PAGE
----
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News | July 16, 2010

Servicemembers discuss 'Sex Signals'

By Tech. Sgt. Benjamin Rojek Joint Task Force-Bravo Public Affairs

In an effort to educate servicemembers on sexual abuse, Joint Task Force-Bravo hosted a production of "Sex Signals" at the base theater July 14-15.

The one-hour, 30-minute show used scripted and improvisational comedy, as well as audience participation, to deliver the message that it's up to each individual to stop sexual abuse.

Actors Kyle Terry and Courtney Abbott, both trained in interactive theater and sexual assault education, said using humor helps break down communication barriers and gives the sense of a conversation instead of a briefing.

"Because they're laughing, they like us," Ms. Abbott said. "That makes it easier to tell them things they might not want to hear."

While the show started with a humorous look at the stereotypes males and females place upon themselves and each other, the message got serious when the actors set up a scene in which a young man had to explain why his actions shouldn't be considered rape. This opened up discussion as to what actually constitutes rape. What it comes down to is consent, the actors said.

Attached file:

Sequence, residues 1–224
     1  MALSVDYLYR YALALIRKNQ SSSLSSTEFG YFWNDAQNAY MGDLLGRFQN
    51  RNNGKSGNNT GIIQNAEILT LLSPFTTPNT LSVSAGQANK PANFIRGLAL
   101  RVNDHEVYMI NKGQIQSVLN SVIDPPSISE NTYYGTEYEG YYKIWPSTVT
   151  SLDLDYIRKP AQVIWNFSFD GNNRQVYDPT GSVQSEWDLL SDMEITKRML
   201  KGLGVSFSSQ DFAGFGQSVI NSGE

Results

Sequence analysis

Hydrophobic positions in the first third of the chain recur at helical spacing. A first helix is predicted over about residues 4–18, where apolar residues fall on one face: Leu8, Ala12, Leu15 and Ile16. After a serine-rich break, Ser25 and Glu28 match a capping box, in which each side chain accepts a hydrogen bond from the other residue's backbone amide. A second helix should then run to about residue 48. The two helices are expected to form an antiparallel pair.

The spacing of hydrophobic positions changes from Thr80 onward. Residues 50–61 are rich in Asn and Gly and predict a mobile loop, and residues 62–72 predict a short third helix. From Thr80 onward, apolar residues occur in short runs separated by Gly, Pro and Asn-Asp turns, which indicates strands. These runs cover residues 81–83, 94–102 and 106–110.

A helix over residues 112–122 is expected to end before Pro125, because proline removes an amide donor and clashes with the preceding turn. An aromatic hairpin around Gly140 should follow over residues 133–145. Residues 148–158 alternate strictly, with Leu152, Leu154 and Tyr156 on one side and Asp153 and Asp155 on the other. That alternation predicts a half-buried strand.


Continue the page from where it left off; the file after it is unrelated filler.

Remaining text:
"The story they used was a great way to present that message," said Staff Sgt. Joel Hart, who works at J6 here. "Sometimes people don't understand that no isn't yes, no isn't maybe; it's no."

Delivering that message in a relaxed, open atmosphere is also important because it allows the conversation to continue after the show, said Mr. Terry. During the show, the audience members get to express what they're thinking and, through that, they learn from the presenters and each other. As the conversations get going, the audience members will ideally continue the discussion later.

Catharsis Productions, which created "Sex Signals," has worked with each branch of the military to deliver the message in a way that will better reach servicemembers, according to their website. The show has been presented at many U.S. military installations worldwide. In fact, before coming to Soto Cano Air Base, Mr. Terry was at Fort Jackson, S.C., and Ms. Abbott was touring bases in Japan.

"This is a cool opportunity to work with the (military)," Mr. Terry said. "They're taking a huge step to reduce sexual assaults and it's cool to be involved in that."

For more information on "Sex Signals," visit